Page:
Frank Ching is a Hong Kong-based journalist.
In this globalized world, one would think that Rudyard Kipling’s evocative line, “Oh, East is East, and West is West, and never the twain shall meet,” would no longer be relevant, with the internet providing round-the-clock real-time data to all corners of the world. And yet, these words are as portentous today, amid the COVID-19 pandemic, as when they were first penned in 1889.
It turns out that the countries of the East – in particular, certain places in East and Southeast Asia – have dramatically lower infection and death rates than those of the West, such as the countries in North America and Europe.
This is not a coincidence.
A few figures illustrate the contrast. As of July 26, China, where the virus first manifested itself, with 1.4 billion people, reported a total of 83,830 cases, with 4,634 deaths, or three deaths per million people.
Of course, China has an autocratic government and its figures have been questioned. But democratic East Asian societies Japan and South Korea also reported extremely low figures, with Japan recording eight deaths per million people and South Korea six deaths per million.
Taiwan, whose people are the same ethnicity as those in mainland China, reported 0.3 deaths per million people, Singapore five per million, Thailand 0.8 per million, while Vietnam astonishingly reported its first death several days ago. This is an incredible performance on the part of East Asian societies.
Now, compare the figures with those of Western countries.
The United States, with 331 million people, has more than 4.3 million infections and 149,400 deaths, with a death rate of 451 per million people. So, a country with less than 5 per cent of the world’s population accounts for more than a quarter of the world’s infections and 23 per cent of its deaths.
Some other Western countries didn’t fare too well either. The United Kingdom logged 674 deaths per million people, Spain 608, France 462, Canada 235 and Germany 110.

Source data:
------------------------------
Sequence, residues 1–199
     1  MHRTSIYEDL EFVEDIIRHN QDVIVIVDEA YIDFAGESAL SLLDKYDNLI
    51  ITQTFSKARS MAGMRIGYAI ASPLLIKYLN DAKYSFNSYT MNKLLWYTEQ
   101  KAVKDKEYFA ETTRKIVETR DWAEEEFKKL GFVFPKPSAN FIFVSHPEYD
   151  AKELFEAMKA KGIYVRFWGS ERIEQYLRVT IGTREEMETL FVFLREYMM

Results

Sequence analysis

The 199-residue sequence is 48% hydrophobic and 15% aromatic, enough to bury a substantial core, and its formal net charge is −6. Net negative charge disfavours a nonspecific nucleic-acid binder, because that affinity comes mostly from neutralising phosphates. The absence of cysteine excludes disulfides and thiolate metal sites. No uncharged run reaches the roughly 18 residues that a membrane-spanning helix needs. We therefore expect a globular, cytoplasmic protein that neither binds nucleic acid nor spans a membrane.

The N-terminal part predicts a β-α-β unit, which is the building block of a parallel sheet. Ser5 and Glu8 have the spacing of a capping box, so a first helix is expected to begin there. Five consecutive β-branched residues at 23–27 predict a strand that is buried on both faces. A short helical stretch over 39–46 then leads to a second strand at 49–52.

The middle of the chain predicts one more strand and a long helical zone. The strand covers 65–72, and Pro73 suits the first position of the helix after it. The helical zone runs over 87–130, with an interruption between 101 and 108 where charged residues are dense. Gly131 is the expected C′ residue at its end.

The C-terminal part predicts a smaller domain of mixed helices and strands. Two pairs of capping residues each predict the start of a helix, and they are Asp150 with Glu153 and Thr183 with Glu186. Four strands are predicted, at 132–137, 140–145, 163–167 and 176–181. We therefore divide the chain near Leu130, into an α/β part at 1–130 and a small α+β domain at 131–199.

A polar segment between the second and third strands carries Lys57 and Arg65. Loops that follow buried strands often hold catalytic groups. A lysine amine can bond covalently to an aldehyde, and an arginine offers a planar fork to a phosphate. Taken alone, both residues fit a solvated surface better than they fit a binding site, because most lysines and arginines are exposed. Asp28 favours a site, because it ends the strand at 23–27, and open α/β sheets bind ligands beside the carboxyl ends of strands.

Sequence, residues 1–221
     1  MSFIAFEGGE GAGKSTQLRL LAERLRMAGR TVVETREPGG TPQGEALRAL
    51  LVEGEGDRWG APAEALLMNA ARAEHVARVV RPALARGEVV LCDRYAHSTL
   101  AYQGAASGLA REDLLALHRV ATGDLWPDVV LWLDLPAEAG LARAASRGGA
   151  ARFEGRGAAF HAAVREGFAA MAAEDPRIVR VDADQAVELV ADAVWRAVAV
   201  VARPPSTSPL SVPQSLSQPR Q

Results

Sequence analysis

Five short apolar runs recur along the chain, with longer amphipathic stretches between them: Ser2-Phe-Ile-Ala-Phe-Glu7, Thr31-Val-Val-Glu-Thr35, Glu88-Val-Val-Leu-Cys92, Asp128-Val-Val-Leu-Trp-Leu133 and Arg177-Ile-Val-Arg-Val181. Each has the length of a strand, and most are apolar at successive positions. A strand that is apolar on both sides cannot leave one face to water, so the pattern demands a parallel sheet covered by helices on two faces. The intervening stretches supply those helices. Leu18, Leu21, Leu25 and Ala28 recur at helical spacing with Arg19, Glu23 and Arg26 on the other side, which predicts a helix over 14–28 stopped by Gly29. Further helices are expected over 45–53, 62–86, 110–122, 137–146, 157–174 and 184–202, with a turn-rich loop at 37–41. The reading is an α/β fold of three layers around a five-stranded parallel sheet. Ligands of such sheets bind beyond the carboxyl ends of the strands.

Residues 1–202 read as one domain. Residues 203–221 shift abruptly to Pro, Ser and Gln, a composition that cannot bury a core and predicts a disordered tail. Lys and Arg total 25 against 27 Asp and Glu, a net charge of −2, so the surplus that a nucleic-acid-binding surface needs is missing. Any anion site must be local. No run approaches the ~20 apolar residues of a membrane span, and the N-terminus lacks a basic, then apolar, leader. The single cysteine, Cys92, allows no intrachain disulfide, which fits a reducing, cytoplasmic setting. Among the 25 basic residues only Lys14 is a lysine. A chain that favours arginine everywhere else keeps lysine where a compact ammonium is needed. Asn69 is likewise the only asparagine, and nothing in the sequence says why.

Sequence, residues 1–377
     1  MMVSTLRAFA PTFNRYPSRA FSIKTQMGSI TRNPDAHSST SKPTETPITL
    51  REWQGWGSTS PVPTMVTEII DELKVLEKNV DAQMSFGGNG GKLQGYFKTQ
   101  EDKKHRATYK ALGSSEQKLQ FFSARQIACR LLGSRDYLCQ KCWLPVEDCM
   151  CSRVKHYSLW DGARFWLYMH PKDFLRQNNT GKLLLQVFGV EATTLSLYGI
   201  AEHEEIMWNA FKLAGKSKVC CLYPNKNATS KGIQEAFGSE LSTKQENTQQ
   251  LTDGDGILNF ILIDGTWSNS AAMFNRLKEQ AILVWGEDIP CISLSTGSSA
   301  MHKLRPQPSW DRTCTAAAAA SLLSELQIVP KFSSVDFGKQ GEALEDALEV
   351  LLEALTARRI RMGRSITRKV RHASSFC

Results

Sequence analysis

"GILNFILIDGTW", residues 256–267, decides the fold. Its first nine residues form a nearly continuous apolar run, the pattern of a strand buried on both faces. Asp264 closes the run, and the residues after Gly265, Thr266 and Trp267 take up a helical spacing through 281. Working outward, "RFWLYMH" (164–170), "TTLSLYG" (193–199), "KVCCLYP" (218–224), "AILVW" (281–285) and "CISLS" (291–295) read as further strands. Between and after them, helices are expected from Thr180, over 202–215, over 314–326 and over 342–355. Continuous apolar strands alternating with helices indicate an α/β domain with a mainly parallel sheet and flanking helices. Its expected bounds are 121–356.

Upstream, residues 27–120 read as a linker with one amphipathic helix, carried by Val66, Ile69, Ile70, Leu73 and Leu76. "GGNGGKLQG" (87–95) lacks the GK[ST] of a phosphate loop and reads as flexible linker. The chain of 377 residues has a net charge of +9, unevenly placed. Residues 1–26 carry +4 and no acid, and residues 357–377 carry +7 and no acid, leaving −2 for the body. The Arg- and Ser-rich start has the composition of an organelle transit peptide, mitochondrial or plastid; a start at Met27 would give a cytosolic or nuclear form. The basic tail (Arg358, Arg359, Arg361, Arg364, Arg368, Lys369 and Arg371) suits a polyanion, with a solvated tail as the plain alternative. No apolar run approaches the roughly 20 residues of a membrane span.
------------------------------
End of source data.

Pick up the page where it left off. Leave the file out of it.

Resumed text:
What accounts for this dramatic difference between East and West where the coronavirus is concerned?
To a large extent, it has to do with societal values. The West generally and the United States in particular focuses on the individual, the rights, freedoms and accomplishments of men and women. In Confucian society, the emphasis is on the community, and an individual is taught to put the group’s interests ahead of his or her interest.
In East Asia, the acceptance of masking for hygiene is almost universal, and has been the case for a while. There is recognition of its value where public health is concerned. Even where governments don’t mandate it, people voluntarily don the face covering, considering it a matter of courtesy to others as much as protection for oneself.
Confucian societies emphasize harmony and discipline. Rights are generally coupled with responsibilities.
Both the Chinese and the American constitutions set out protections for rights, though the implementation is quite different in the two countries.
The Chinese constitution is notable for coupling rights with responsibilities. For example, Article 51 declares: “Citizens of the People’s Republic of China, in exercising their freedoms and rights, may not infringe upon the interests of the state, of society or of the collective, or upon the lawful freedoms and rights of other citizens.”
Thus, rights are to be exercised in a responsible manner; an individual’s rights are subordinate to the community’s rights.
In the United States, people who refused to wear a mask asserted their right to do as they pleased, regardless of consequences to their own health or the well-being of others. And they were defended by no less a personage than Vice-President Mike Pence, chair of the White House Coronavirus Task Force.
Mr. Pence responded at a briefing to a question about mask-wearing by saying: “Even in a health crisis, the American people don’t forfeit our constitutional rights.”
That is, any American has a right to not wear a mask, even if this puts at risk the health of other people. Individual rights, it seems, trump collective rights.
Interestingly, the relationship between pathogens and individualistic or collectivistic societies has been studied scientifically, with the findings published in the scientific journal Proceedings of the Royal Society B in 2008.
The study’s conclusion, reached by Corey L. Fincher and his colleagues, was that “prevalence of pathogens has a strong positive correlation with cultural indicators of collectivism and a strong negative correlation with individualism.” In layman’s language, it suggests that societies became collectivist to protect themselves after having been exposed to epidemics, an interesting example of evolution at work.
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